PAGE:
Psalm 145 sermon

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A few weeks ago, a friend asked me, “How is your praise life?”

“Hmm? Do you mean my prayer life?” I asked.

“No, not your prayer life, but your praise life.” He went on to define what a praise life is. It means making time to focus on God by praising him for his character and things he has done.

When I heard that, I realized that over these several months since COVID started, I really haven’t praised God much. Yes, I have poured out to him my worries but haven’t really taken the time to be grateful to God.

It’s hard to remember to praise God especially when we go through trials in life.

My friend said, “That’s exactly why we need to cultivate the habit of a praise life.”

According to American preacher John Piper, one reason we should be in the habit of praising God is that it helps us to recognize how big God is compared to our problems. We tend to make our problems bigger than they actually are and forget that we serve a God whose grace is sufficient for us in our weakness.

While there are other reasons why we should make it a habit to praise God, today, I would like to talk about how we can cultivate an attitude of praise. I would like to turn to Psalm 145, from which I will draw 3 points: to cultivate a heart of praise, we ought to 1) know who God is, 2) recall what God has done, and 3) tell others about God. Let’s pray before we read the psalm.

[Read Psalm 145]

Know who God is

My first point is, we ought to know who God is in order to grow in our praise life. We can’t praise someone without knowing what good qualities that person has.

In 2009, a Scottish woman named Susan Boyle auditioned for the TV singing competition Britain’s Got Talent. She was middle-aged and plump with grey hair—hardly the impression of a successful music artist. But when she sang the song “I Dreamed a Dream” from the musical Les Miserables, the audience gasped in amazement. The judges gave her a standing ovation. People didn’t recognize how amazing she was until they heard her sing.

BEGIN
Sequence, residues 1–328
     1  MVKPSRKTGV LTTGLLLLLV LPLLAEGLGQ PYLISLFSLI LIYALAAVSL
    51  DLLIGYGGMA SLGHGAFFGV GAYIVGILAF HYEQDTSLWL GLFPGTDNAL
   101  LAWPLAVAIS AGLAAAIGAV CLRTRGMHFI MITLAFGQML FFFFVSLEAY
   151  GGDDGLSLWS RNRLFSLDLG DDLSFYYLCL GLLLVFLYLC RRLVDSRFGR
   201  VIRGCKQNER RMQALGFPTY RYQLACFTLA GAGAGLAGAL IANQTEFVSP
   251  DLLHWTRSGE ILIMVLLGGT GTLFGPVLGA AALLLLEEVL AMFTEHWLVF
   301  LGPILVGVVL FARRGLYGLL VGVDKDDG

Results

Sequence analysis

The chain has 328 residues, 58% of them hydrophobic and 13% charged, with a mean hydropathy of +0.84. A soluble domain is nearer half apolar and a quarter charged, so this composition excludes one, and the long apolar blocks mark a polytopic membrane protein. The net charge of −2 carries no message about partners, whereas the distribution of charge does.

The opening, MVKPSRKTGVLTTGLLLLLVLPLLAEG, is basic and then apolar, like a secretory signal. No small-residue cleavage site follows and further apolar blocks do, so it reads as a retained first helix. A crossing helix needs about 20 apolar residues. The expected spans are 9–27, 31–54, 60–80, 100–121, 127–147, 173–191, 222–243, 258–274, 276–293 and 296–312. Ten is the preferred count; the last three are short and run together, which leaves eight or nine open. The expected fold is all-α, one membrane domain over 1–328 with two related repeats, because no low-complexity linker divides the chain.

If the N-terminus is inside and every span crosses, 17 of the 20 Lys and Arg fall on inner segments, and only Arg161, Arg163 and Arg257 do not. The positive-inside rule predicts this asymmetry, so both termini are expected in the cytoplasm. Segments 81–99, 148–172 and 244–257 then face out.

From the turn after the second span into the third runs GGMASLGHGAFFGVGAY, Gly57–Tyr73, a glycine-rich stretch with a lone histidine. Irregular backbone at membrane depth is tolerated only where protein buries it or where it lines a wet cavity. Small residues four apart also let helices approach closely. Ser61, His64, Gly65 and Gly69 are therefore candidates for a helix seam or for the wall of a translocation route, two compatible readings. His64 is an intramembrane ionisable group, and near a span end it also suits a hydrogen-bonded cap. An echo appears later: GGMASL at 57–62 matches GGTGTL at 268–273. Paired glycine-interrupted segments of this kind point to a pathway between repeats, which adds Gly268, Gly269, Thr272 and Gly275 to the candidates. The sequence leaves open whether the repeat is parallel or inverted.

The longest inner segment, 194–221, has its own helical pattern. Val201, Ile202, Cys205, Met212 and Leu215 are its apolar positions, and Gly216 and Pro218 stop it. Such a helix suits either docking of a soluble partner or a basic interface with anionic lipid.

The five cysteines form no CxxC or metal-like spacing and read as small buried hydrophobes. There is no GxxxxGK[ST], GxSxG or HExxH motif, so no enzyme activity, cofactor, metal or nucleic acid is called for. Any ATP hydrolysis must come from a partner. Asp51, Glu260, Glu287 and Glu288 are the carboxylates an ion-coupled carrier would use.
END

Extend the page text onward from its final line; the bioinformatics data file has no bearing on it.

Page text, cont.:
As for us, do we recognize the amazing qualities of God? In our hearts, do we ever give God a thunderous applause? Or is our clapping half-hearted, like, “Oh, God? He’s just so-so.”

In Psalm 145, we can see why David gushes with praise for God. It’s because of what David recognizes about God’s character.

For example: In verse 1, God is King. In verse 3, his greatness is unfathomable. In verse 4, he does mighty acts across history. In verse 5, he is full of glorious splendor and majesty. In verses 8 and 9, he is gracious, compassionate, patient and loving. In verse 13, he rules over an everlasting kingdom. In verses 15 and 16, he is our source of all our daily needs. In verse 17, he is righteous and loving in all his dealings. In verse 18, he remains near to those who call on him. In verses 19 and 20, he hears our cries and saves us.

Have you experienced God in any of these ways before? For me, I can relate to verse 15 and 16: “The eyes of all look to you, and you give them their food at the proper time.” And to verse 18, “The Lord is near to all who call on him.” Even though COVID-19 has affected my work and income, God answered when I called out to him. Even before COVID, God provide for me to be in Japan for 4 years—being here is itself a miracle.

When we see how mighty God is, we can find the courage to face tomorrow—because we are leaning on God’s strength.

Recall what God has done

Moving on to my second point, besides looking at who God is, we ought to recall what God has done. In Verse 5, David says, “I will meditate on your wonderful works.”